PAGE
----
Brexpiprazole shows promise in reducing agitation due to Alzheimer’s dementia

Elaine Soliven
26 Aug 2022
Brexpiprazole shows promise in reducing agitation due to Alzheimer’s dementia

Treatment with brexpiprazole at either 2 or 3 mg significantly reduced agitation compared with placebo in patients with Alzheimer’s dementia, according to the Trial 331-14-213* presented at AAIC 2022.

“Agitation is a prevalent clinical manifestation of Alzheimer’s dementia, and is one of the most stressful aspects of care in patients affected by the disease. However, currently, there are no FDA-approved pharmacological treatments for agitation in this patient population,” said Dr George Grossberg from the Department of Psychiatry and Behavioral Neuroscience at Saint Louis University School of Medicine in St. Louis, Missouri, US.

Hence, following two prior clinical trials of brexpiprazole for the treatment of agitation in Alzheimer’s dementia, Grossberg and his team sought to confirm the efficacy, safety, and tolerability of two fixed doses of brexpiprazole (2 and 3 mg/day) in this patient population.

This multicentre, double-blind, phase III trial involved 345 patients with dementia of Alzheimer’s type who had clinically significant agitation at baseline. Participants were randomized to receive either brexpiprazole (n=228, mean age 74.5 years; 2 mg/day [n=75] or 3 mg/day [n=153]) or placebo (n=117, mean age 73.0 years) for a 12-week treatment period. [AAIC 2022, abstract HO-5-08]

At 12 weeks, patients who received either dose of brexpiprazole had a statistically significant improvement in agitation, as measured using CMAI** total score, than those who received placebo (least squares [LS] mean change from baseline, -22.6 vs -17.30; p=0.0026).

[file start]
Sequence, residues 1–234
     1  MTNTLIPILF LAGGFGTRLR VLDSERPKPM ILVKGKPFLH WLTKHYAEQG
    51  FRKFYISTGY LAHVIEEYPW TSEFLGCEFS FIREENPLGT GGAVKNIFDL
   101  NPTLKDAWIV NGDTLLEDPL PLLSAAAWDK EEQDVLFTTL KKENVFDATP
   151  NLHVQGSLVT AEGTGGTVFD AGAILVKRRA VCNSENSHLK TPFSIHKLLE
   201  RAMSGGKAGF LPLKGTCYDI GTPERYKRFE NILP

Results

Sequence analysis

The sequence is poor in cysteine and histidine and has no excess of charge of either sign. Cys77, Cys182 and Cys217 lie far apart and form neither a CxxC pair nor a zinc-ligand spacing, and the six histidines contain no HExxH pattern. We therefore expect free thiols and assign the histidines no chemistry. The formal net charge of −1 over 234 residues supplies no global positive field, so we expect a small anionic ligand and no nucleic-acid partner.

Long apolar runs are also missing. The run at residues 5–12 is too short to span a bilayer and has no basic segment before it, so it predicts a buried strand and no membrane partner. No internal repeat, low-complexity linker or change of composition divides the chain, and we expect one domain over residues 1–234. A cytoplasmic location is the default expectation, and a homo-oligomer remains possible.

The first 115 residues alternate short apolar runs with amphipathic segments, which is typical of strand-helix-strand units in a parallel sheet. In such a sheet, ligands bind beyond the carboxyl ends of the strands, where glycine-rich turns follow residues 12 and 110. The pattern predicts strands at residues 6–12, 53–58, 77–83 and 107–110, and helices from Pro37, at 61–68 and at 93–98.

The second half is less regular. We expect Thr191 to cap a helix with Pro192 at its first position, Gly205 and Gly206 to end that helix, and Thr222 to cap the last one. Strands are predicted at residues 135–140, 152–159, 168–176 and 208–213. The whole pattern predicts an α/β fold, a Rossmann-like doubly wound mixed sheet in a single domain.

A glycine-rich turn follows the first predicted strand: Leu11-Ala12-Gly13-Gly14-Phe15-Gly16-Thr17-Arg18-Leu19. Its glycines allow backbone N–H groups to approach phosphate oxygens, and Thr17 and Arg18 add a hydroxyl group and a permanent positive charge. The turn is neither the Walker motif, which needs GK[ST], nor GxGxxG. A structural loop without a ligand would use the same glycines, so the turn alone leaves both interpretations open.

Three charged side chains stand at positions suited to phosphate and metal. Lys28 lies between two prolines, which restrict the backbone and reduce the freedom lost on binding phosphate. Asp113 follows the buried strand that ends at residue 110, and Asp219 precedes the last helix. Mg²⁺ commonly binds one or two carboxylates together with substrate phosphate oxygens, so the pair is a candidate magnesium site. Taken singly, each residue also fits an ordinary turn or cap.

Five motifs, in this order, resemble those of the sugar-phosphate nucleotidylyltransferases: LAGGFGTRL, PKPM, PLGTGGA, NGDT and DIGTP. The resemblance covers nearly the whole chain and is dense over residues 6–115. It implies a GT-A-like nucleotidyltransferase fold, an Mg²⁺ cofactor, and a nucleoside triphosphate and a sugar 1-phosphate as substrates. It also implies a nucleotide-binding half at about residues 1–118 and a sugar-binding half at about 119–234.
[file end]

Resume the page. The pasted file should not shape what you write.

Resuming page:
When assessed individually, both the brexpiprazole 2 mg (p=0.024) and 3 mg (p=0.005) doses significantly improved CMAI score compared with placebo.

Compared with placebo recipients, brexpiprazole recipients also achieved statistically significant improvements in CMAI subscale scores for aggressive (-9.09 vs -7.13; p=0.0040), physically nonaggressive (-6.45 vs -5.04; p=0.0296), and verbally agitated behaviours (-4.39 vs -3.14; p=0.0113).

There was also a statistically significant improvement in CGI-S*** score, as related to agitation, among those treated with brexpiprazole compared with placebo at 12 weeks (LS mean change from baseline, -1.22 vs -0.93; p=0.0055).

Treatment-emergent adverse events (TEAEs) occurred at a slightly higher rate in the brexpiprazole arm than the placebo arm (41.0 percent vs 31.0 percent), but serious TEAEs occurred at a similar rate between the two treatment arms (2.7 percent vs 2.6 percent).

Headache was the only AE that occurred at an incidence of ≥5 percent in both treatment arms. “Brexpiprazole was generally safe and well-tolerated, and no new safety signals were observed,” Grossberg noted.

“[Overall,] brexpiprazole treatment resulted in … a statistically significantly greater reduction in agitation and improvement in CGI of agitation [compared with placebo],” said Grossberg.

The findings of this current study were consistent with that observed in previous brexpiprazole studies in patients with aggressive agitation at baseline, he added.

*Trial 331-14-213: A trial to evaluate the safety, efficacy, and tolerability of brexpiprazole in treating agitation associated with dementia of the Alzheimer's type

**CMAI: Cohen-Mansfield Agitation Inventory

***CGI-S: Clinical Global Impression – Severity

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